As an artist my aim is to foster opportunities for people to understand and empathize with feminist ideologies. I aim to create experiential works that catalyze conversations, where the presentation of the experience is not specific to any one gender and participants can safely share their perspectives, however different. I have always tried to veer away from preaching experiences. I believe people learn best through experiencing situations themselves and because of this, I strive to make work that encompasses people and immerses them in new situations. My upcoming show, Touch Stop, is designed to foster empathy by engaging participants in an understanding of what it’s like to be “a woman in a man’s world”, and challenging beliefs that tolerate aggressive, coercive, objectifying and controlling behaviour. Touch Stop is a series of installed exhibitions comprised of a 100 hand-sculpted, glass phalluses intended to generate a more unified understanding of the lady experience. This show works to catalyze the #MeToo conversation, making safer communities through advocacy, education and empowerment.



Miss Gorski’s work is a step towards equality in the sense that it target’s men’s understanding of a womanly feeling: constant, abundant, unwanted sexual solicitation. I hope and believe this exhibition is the first in a long line of similar projects.
— France
Men are blind to sexism. I couldn’t realize the importance of Marta’s show until I saw it. In the verge of this important discussion about equality, the [Touch Stop] proves to be a powerful tool to help men feel the unknown pains and sensations women go through. It sparks an important debate towards gender equality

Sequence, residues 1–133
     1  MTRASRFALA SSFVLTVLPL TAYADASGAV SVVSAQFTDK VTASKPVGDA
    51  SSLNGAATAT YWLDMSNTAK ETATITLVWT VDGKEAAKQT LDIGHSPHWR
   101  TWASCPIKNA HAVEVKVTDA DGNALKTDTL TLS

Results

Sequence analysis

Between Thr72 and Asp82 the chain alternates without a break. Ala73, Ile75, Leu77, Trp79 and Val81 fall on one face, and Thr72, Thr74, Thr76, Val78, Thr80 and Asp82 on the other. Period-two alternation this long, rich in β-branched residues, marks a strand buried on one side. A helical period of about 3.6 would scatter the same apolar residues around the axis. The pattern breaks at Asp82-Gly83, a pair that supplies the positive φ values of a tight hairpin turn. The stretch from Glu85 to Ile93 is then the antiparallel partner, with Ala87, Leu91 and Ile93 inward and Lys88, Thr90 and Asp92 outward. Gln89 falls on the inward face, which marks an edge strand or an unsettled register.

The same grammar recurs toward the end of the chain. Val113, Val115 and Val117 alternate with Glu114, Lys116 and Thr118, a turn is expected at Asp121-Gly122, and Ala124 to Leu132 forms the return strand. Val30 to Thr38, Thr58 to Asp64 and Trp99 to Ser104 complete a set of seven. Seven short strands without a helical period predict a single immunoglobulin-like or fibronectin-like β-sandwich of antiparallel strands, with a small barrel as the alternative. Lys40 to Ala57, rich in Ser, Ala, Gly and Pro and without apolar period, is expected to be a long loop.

— Brazil
Marta’s work could act as a catalyst in educating the perverts of society, who hide their perverseness behind closed doors. Not only will it be an eye opener for men, but also, would help women to assert their inadaptability whether as a wife, lover or mere acquaintance. Women need to battle fiercer while meeting men on varied grounds and Marta’s work is certainly the right step in that direction.
— India
To sum up my experiences with these ideas in just a few sentences almost feels too challenging considering the broad range of thoughts and emotions that get stirred up. These works are challenging, on multiple levels. My initial reaction of discomfort around the objects forced me to confront my own masculinity, could it be as fragile as the fragile glass phalli? Likely! Considering the female perspective and commentary we’ve discussed on power structures and gender identity I am also forced into self reflection and the observation of my own behaviours. Have I made women feel this intimidated, uncomfortable, threatened before? Likely! But truthfully the most magnetic aspect of this work to me is that despite the heavy topics that I was confronted with, it was fun and funny. I was able to laugh with comfort within my discomfort, something I have rarely experienced.
— Canada
Over the last couple of years, I’ve seen the [Touch Stop], aka “the dick show” or “those glass dicks” taking shape and slowly understanding that more than captivating pieces the future assemble and potential exhibition is a fundamental piece of art for our times. It is visually engaging, even beautiful, yet bringing different layers of reflection and understanding.

Personally, I feel that’s the kind of art the world needs right now.
Interesting, Provoking, and capable of raising the right questions by literally pointing dicks at your face.
— -Brazil


Marta Gorski began using the human figure in her work early on. Inspired by landscapes in both nature and the body, she creates concept driven installations.

Her work has always been motivated by the balance of social sexuality and aims to explore the consequence of intimacy.

Gorski is Canadian-born currently living in Oakland, California. She has completed a Bachelor in Fine Art with a Focus in Glass, and a Master in Business Administration.




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